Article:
Individual variability in alcohol sensitivity is among the most widely studied endophenotypes for alcohol dependence. However, little is known about brain mechanisms relevant for alcohol sensitivity. Research on human alcohol sensitivity phenotypes has often relied on self-report measures and conventional oral alcohol administration paradigms, both of which may introduce considerable measurement error, thus decreasing sensitivity for detecting genetic and neural correlates. The proposed study will examine neural markers of alcohol sensitivity in the context of an alcohol challenge paradigm that incorporates highly controlled intravenous ethanol infusion. The broad aims of this proposal include a) developing our approach for integrating fMRI and infusion;b) examining feasibility of studying neural correlates of alcohol sensitivity in this context;and c) estimating effect sizes to inform power analyses for future studies. Heavy-drinking young adults will participate in two infusion sessions: a baseline """"""""acclimation"""""""" session and an fMRI session. Physiologically- Based Pharmacokinetic (PBPK) modeling will be used to establish a peak target blood alcohol concentration (BAC) of 0.06 1 0.005 g% within 15 minutes. This BAC will be maintained (clamped) for 90 minutes. Alcohol sensitivity indices will include traditional self-report measures;heart rate response during infusion;and serial measures of subjective intoxication (stimulation/sedation) across the session. We will examine these indicators in relation to BOLD responses during tasks that engage incentive motivation and cognitive control networks, incorporating repeated assessments across the BAC time course. Both traditional and brain-based measures of alcohol sensitivity will be examined in relation to self-reported drinking. By examining neural phenotypes in the context of acute alcohol exposure, we hope to identify brain-based alcohol sensitivity phenotypes that are potentially more sensitive to genetic variation and to behavioral outcomes as compared to traditional measures. )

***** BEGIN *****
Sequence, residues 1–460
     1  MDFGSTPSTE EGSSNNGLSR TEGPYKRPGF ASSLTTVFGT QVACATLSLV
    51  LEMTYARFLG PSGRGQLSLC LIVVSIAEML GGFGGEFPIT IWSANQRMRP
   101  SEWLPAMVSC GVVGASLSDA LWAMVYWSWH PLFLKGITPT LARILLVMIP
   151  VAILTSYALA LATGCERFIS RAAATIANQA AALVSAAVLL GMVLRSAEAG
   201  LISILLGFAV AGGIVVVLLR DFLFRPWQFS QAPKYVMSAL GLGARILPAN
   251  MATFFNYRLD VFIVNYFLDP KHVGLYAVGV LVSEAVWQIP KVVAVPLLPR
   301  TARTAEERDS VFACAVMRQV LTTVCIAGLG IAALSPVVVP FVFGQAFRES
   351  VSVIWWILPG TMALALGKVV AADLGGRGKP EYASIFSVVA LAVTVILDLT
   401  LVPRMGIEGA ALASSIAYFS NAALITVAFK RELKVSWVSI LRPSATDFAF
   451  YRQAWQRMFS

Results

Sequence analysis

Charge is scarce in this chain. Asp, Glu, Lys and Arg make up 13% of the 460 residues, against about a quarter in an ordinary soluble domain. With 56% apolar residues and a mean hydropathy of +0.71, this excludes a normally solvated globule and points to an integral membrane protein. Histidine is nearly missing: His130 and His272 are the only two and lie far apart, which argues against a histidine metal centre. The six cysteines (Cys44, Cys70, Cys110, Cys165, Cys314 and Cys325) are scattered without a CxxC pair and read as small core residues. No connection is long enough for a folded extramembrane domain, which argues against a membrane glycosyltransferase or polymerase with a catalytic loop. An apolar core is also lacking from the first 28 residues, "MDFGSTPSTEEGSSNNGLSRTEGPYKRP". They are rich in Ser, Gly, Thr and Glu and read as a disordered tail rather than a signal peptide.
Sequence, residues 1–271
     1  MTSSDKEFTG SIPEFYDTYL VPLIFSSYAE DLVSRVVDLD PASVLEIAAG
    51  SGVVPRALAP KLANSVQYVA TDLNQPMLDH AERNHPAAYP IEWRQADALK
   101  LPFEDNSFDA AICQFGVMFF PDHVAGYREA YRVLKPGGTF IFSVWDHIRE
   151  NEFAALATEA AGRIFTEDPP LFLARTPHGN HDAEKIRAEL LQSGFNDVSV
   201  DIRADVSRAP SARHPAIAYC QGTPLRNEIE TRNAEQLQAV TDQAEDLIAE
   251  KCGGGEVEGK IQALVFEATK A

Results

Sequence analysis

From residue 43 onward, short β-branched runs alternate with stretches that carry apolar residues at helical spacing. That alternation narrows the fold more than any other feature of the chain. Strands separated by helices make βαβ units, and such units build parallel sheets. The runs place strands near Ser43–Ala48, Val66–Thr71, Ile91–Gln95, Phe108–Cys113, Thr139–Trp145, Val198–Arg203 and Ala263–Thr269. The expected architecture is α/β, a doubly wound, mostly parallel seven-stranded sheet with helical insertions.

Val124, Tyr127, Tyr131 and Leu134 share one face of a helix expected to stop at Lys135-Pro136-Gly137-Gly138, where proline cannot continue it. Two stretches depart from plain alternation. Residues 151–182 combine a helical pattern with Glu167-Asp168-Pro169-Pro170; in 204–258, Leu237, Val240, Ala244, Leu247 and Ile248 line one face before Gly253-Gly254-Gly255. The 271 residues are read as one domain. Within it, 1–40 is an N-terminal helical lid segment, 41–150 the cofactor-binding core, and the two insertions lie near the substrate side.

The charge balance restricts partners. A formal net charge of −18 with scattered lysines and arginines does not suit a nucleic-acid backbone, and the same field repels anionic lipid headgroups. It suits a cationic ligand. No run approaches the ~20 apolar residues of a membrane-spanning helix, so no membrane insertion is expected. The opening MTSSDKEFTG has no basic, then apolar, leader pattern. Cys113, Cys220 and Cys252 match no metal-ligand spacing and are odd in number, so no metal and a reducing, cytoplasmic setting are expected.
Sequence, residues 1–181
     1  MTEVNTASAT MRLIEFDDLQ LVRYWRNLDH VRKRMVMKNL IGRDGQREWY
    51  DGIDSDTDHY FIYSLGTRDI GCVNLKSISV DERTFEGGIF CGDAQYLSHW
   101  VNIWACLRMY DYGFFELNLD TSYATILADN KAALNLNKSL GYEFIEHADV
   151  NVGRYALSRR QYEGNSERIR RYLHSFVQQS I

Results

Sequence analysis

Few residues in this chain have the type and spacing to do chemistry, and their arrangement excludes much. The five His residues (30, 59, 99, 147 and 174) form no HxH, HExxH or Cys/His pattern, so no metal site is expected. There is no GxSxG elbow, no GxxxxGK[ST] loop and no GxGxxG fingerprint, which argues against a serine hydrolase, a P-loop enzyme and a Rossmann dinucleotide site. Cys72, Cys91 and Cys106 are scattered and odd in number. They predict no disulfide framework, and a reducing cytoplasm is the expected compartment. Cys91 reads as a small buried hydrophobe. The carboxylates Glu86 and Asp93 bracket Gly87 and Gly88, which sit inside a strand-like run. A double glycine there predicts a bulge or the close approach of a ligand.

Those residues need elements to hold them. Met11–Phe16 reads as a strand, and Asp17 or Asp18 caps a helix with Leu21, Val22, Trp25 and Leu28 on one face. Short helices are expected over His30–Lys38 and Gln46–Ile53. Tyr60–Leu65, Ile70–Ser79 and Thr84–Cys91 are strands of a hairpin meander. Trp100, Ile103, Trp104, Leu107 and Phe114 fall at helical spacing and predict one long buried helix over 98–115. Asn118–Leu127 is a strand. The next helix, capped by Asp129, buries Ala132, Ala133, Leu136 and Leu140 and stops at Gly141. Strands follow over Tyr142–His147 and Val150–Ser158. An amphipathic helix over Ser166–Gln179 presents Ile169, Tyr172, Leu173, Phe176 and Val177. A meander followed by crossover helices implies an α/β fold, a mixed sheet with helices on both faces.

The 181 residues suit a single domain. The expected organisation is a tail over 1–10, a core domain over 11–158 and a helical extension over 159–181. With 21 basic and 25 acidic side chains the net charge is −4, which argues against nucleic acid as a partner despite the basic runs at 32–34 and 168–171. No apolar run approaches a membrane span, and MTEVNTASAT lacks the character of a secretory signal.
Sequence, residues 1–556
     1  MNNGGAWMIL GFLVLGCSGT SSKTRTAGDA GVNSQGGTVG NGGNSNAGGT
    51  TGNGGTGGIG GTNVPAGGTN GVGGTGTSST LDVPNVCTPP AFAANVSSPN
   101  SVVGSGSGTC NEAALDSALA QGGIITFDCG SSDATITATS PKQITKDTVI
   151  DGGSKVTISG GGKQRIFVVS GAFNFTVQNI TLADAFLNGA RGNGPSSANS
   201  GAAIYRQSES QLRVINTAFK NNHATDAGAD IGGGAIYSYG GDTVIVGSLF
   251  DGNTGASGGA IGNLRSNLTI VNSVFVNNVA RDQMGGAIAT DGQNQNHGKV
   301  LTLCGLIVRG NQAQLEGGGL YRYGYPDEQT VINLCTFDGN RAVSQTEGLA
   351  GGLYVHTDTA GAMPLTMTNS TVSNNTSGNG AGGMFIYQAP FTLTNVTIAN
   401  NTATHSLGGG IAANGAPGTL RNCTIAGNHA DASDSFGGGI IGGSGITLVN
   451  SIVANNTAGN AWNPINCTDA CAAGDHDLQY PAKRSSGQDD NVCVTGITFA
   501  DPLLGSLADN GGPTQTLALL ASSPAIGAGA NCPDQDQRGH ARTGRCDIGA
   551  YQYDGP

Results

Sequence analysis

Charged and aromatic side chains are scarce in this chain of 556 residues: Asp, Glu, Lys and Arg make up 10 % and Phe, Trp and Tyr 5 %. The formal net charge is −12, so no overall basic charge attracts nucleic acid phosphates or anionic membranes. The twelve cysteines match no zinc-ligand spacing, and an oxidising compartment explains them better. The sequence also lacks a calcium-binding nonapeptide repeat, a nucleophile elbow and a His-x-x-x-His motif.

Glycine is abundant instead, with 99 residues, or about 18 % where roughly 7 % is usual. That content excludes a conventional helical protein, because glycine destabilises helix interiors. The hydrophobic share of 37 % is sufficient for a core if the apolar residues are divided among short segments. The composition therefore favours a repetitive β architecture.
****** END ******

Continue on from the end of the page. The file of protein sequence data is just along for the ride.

Public Health Relevance

Physiological sensitivity to alcohol is demonstrated to predict future risk for alcohol dependence. However, little is known about brain mechanisms relevant for alcohol sensitivity.
This research aims to examine brain-based measures of alcohol sensitivity that could be useful as biomarkers for the risk for alcohol dependence.

National Institute of Health (NIH)
National Institute on Alcohol Abuse and Alcoholism (NIAAA)
Exploratory/Developmental Grants (R21)
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Health Services Research Review Subcommittee (AA)
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Matochik, John A
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The Mind Research Network
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